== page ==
New Mexico’s trophy trout fishery, the San Juan River below Navajo Dam, will be getting an upgrade for Christmas including two new boat ramps and many in-stream habitat improvements.
“This is a win-win project designed to benefit anglers, guides, outdoor enthusiasts and wildlife,” says Marc Wethington, New Mexico Department of Game and Fish biologist stationed on the river.
Work is scheduled to commence this month on about a mile of river between Simon Canyon and the Gravel Pit boat takeout. The area will be closed to the public during construction and boaters can use a temporary boat ramp on the river’s back channel at Munoz to takeout. Construction could take up to three months.
The estimated $1 million project caps efforts to improve this stretch of the river that was devastated by massive flooding in late 2014.
The flood from Simon Canyon smothered the riverbed with tons of sand and silt which killed off much of the bug life that sustains fish. What had been one of the river’s best dry-fly fishing areas held far fewer trout and fishing declined.
Control of erosion and storm runoff was needed on the surrounding mesas that feed Simon Canyon and Sen. Martin Heinrich D-N.M., helped get it done.
“I am proud I was able to work with the San Juan Guide Association, the Bureau of Land Management (BLM) in Farmington, Conoco Phillips and other stakeholders to improve the Simon Canyon watershed and reduce sediment flow into the San Juan River,” Heinrich said in a written statement. “The community needed immediate action and we were able to effectively deliver tangible and pragmatic results to ensure the San Juan River will continue to be a thriving and top destination for fly fishing in the country.”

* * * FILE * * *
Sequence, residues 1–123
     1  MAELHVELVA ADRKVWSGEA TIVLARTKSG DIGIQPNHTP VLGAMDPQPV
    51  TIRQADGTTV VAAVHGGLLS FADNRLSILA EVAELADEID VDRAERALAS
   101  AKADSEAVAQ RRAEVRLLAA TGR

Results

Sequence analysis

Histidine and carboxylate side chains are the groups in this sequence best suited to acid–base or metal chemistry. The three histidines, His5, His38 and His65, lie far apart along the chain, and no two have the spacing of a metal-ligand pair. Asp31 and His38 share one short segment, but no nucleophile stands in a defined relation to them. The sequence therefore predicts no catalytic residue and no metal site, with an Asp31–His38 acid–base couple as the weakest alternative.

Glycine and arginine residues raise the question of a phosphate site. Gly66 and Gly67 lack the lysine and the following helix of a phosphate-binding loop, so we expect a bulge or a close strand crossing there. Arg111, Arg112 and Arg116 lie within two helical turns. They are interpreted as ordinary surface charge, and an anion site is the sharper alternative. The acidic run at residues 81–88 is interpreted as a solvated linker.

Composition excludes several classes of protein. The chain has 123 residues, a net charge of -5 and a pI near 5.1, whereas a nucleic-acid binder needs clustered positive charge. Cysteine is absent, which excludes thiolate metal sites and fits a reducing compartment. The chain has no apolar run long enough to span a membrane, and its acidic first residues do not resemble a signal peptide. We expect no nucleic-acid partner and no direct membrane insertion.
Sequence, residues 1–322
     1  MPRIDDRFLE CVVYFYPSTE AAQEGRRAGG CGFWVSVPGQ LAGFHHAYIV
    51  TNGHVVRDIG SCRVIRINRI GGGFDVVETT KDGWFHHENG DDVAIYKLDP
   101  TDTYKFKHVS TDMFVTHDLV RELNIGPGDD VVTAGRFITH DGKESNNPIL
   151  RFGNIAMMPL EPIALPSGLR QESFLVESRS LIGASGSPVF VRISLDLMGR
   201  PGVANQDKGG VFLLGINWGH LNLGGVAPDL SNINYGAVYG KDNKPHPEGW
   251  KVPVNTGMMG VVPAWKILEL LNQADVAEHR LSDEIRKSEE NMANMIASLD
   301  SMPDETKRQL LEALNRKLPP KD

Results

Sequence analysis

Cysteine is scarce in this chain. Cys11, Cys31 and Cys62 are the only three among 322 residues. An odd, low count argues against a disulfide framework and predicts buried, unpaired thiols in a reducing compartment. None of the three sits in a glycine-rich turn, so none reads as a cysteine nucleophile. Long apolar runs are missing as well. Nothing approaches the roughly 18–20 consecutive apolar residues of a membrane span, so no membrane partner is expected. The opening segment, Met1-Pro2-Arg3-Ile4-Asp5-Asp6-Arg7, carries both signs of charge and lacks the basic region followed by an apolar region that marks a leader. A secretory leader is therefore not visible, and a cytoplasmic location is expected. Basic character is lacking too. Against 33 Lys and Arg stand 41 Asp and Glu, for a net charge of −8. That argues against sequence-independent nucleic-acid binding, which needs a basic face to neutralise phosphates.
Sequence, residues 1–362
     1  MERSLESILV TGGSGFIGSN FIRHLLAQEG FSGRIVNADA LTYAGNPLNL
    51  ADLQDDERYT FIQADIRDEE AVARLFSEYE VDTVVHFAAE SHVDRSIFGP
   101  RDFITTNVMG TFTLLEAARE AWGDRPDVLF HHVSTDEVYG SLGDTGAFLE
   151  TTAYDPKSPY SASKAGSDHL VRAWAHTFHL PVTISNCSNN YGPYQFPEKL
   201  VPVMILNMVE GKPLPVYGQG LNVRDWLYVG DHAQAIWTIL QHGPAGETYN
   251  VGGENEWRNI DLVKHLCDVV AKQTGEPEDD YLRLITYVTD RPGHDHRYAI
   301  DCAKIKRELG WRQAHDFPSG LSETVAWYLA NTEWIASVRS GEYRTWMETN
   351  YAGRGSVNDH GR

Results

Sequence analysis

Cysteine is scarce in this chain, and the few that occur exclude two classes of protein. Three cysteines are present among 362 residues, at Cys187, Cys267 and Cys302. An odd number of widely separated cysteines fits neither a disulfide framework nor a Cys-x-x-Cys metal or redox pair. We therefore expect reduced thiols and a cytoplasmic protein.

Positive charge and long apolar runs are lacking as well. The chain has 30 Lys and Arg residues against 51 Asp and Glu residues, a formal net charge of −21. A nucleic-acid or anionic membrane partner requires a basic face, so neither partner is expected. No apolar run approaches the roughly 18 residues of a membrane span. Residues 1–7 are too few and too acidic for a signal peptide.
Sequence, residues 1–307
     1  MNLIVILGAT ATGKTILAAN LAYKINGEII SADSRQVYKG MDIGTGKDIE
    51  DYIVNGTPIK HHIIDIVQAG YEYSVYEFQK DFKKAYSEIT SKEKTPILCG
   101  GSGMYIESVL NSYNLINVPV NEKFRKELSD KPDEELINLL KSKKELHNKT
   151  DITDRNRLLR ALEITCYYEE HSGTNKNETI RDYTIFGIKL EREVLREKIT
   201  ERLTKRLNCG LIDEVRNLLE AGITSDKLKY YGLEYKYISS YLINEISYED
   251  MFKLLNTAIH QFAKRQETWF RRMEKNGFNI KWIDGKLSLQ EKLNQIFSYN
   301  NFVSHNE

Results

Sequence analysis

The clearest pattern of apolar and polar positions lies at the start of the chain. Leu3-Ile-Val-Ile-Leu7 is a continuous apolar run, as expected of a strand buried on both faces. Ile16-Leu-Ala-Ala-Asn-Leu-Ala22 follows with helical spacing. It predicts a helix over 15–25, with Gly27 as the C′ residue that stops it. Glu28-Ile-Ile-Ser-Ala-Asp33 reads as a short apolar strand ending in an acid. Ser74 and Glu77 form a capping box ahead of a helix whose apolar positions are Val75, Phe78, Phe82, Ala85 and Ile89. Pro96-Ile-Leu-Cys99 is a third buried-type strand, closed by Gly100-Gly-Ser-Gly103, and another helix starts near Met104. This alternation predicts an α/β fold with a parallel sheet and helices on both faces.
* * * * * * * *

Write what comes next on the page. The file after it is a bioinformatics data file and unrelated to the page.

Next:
The BLM conducted juniper and pinon tree thinning projects and planted native grasses on hundreds of acres within the watershed to reduce runoff and erosion. And oil companies operating in the area were prompted to make improvements to their roads and well sites to help in the effort.
That set the stage for the N.M. Department on Game and Fish to proceed with in-stream habitat improvements designed to help keep silt and sediment moving downstream when flooding does occur.
Some of the improvements also are designed to benefit wildlife habitat in the riverside bosque by diverting water to it during floods and high water conditions, says Chris Philips of Riverbend Engineering of Albuquerque. The river restoration firm has been involved in many recent habitat improvement projects undertaken on the San Juan River.
Weeminuche Construction Authority of the Ute Mountain Ute tribe of Towaoc, Colo. won the bid to perform construction on the Simon Canyon project.
Wethington, who has been stationed on the river his entire 23 year career with the department, says the overall effort should help alleviate silt and sediment problems below Simon Canyon in the future.
Federal excise taxes paid by sportsmen and women on fishing tackle, motor boat fuel and other sporting goods funded the project.
The San Juan River is a top trout fishing destination for anglers due to its huge population of big fish of and many miles of public access. Fishing on the San Juan River contributes an estimated $40 million to the state’s economy annually, according to a New Mexico State University economic study.